We now know that effects of ultraviolet light rays from the sun are cumulative over a lifetime. UV radiation is a mutagen (damages DNA) that accelerates aging and decreases longevity.
During the peak hours of noon to 3 p.m., the sun is the most toxic to the eye and surrounding skin. UV radiation is associated with corneal damage, cataracts, macular degeneration, dry eye, wrinkles, skin furrows, loss of elasticity and eyelid cancers.
Using a wide hat with a brim and wrap-around polarized sunglasses (prescription glasses, if needed) will help avoid and reduce the UV damage from sustained sun exposure.
Our eyelid skin is the thinnest in the entire human body and more susceptible to basal cell, squamous cell and melanoma skin cancer. Pinguecula and pterygium are fleshy, elastic-like, callus-like growths on the surface of the eye associated with long term UV sunlight damage. In the USA, we see more cataracts and cancers on the left eyelid and face because we drive on the left side. For those who live in places like New Zealand, it happens more on the right.
Snow blindness is another condition that occurs on sunny days in cold climates where UV light causes a burn of the cornea as it reflects off of snow, ice, sand or water. Educating children on using hats, sunscreen and sunglasses, as is done in schools in Australia, would help reduce the lifetime cumulate damage of UV light. Avoid the midday sun, especially at high altitudes when reflected off water or snow.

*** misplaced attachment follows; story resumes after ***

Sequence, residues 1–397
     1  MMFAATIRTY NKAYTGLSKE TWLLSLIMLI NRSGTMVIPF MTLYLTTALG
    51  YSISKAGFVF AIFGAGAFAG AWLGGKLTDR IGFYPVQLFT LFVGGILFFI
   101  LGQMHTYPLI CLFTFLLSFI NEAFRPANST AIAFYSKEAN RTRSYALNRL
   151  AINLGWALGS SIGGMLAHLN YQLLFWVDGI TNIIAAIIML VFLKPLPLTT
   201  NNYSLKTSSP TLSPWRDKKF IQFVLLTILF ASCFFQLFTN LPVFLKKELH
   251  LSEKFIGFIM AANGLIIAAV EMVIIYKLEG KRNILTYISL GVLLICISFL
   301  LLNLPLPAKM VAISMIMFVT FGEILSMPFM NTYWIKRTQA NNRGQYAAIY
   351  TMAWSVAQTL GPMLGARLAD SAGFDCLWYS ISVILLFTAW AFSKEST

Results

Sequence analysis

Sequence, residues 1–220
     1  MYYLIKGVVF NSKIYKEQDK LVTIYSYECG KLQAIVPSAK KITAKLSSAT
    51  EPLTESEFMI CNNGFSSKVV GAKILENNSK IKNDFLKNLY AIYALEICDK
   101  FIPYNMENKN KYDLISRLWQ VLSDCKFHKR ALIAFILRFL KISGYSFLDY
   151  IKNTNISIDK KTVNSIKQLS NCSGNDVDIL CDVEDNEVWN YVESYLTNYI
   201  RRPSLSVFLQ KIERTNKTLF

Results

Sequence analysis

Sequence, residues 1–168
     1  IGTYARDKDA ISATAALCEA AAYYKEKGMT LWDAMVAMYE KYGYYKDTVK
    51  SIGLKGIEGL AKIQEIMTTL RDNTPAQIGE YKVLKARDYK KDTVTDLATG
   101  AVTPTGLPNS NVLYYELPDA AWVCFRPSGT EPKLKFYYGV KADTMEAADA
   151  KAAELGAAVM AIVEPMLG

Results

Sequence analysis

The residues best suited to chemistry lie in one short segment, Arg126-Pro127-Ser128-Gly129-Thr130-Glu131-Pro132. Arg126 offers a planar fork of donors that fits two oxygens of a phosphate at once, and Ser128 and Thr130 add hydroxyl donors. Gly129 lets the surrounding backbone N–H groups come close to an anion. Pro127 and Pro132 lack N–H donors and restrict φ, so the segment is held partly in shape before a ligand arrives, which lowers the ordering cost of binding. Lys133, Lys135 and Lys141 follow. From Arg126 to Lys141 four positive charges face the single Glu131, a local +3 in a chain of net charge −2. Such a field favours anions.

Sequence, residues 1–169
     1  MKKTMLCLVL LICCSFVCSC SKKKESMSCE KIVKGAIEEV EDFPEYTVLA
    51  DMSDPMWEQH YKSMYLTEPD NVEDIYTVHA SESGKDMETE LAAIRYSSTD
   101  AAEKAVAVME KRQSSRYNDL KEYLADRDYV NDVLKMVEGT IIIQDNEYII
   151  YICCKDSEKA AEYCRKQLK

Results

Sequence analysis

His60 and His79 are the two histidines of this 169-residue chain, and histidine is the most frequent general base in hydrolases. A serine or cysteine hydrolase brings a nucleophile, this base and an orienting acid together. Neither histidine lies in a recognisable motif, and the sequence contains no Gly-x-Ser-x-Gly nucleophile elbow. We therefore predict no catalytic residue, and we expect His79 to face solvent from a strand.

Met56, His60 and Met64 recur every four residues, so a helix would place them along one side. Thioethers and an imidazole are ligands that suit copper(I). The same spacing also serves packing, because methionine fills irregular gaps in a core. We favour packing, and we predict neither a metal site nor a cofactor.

Never stare into the sun, as this can cause permanent retinal damage in the back of the eye with decreased vision called solar retinopathy. Avoid tanning beds as they generate sustained UV light damage to the eyes and surrounding skin.
Lastly, a diet rich in green leafy vegetables filled with zinc and lutein has been clearly associated with healthier retinas and reduced macular degeneration, which affects the central vision. For those who don’t like eating greens, a landmark eye study has shown that vitamins labeled AREDS formula contain zinc and lutein in doses shown to help.
See your board-certified ophthalmologist annually to spot problems early. They spent four years in college, four years in medical school, a year in an internal medicine or general surgery internship, three years in an ophthalmology and ophthalmic microsurgery residency and one or two years in a fellowship in sub-specialty training.
The eye is the window to systemic disease. Many diseases like diabetes, high blood pressure, HIV auto-immune disease, glaucoma, melanomas and macular degeneration can be picked up during your eye exam.
Think positive and test negative. Only 20% of your destiny is genes, but 80% is your diet, lifestyle, exercise, sleep habits, hygiene, stress management and living in a caring and peaceful environment.
Keep calm and carry on.
Peter Michalos, MD is an FAAO Board Certified Ophthalmologist Clinical Associate Professor at Columbia University College of Physicians and Surgeons